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Politics

As early voting begins in Alaska, some locations report long lines

  • Author: James Brooks
  • Updated: October 20
  • Published October 19

People lined the halls of the Midtown Mall as in-person early voting began Monday, October 19, 2020. (Marc Lester / ADN)

Selected polling sites opened across Alaska Monday in the first day of early voting for the 2020 general election.

Interest in early voting is expected to be high this year because of the COVID-19 pandemic and the presidential election, and long lines were reported at some locations.

By 4 p.m. Monday, 3,259 Alaskans had voted at in-person early voting sites, said Gail Fenumiai, director of the Alaska Division of Elections. Four years ago, 39,242 Alaskans cast early votes during the entire 15-day early voting period. (Neither figure includes absentee ballots.)

In Anchorage, early voting is taking place at the Midtown Mall (600 E. Northern Lights Blvd.) and Anchorage City Hall (632 W. 6th Ave.) from 8 a.m. to 5 p.m. weekdays through Nov. 2.

Some voters waited for more than an hour in line at Midtown Mall, while those who voted at City Hall said there was little or no line Monday.

The Midtown Mall and City Hall locations also have weekend hours. A full listing of early voting locations and their hours is available online.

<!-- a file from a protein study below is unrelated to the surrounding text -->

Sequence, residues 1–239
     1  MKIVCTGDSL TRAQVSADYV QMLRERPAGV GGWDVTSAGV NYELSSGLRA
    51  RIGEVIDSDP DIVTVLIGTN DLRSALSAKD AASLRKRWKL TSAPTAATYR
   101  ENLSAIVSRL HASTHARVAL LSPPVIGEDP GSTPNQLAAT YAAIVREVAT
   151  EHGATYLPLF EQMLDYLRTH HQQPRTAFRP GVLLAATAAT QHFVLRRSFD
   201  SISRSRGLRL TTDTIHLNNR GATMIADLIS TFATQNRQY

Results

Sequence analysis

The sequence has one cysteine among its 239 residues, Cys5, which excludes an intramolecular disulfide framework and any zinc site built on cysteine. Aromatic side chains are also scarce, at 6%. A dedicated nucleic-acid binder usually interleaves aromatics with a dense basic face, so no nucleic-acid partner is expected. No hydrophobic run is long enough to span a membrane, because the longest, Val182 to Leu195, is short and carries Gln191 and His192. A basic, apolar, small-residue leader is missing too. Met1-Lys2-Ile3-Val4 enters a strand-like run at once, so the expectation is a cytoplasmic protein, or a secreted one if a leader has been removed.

Elections officials said there were notably long lines in Wasilla and Fairbanks. Palmer’s early voting site recorded a steady stream of voters. In Juneau, one early voting site was closed for the Alaska Day holiday; at the other, the line was not unusually long at 8:30 a.m.

Voters will need to bring ID — a voter card, driver’s license, or other document that lists their name and address.

Any votes cast at early-voting sites through Oct. 29 will be counted on Election Day Nov. 3. All absentee ballots and early votes after Oct. 29 will be counted on Nov. 10 or afterward.

Election worker Chris Kilvay wipes down secrecy sleeves after ballots are slipped into the the collection box at the Midtown Mall on Monday, October 19, 2020. (Marc Lester / ADN)

Through Friday morning, 32,741 Alaskans had filled out and returned absentee ballots. That’s more than 10% of the total turnout four years ago.

The deadline to request an absentee ballot by mail is Saturday. Any Alaskan can request a blank absentee ballot for any reason, and an online form is available to request one.

Completed absentee ballots can be mailed back to the division, deposited into a dropbox or put into a ballot box at any early voting location.

Absentee ballots must be postmarked by Election Day in order to be counted.

Correction: The initial version of this article incorrectly said early voting was available at Cook Inlet Tribal Council. The council site offers in-person absentee voting, not early voting. In-person absentee ballots are not counted until seven days after Election Day.

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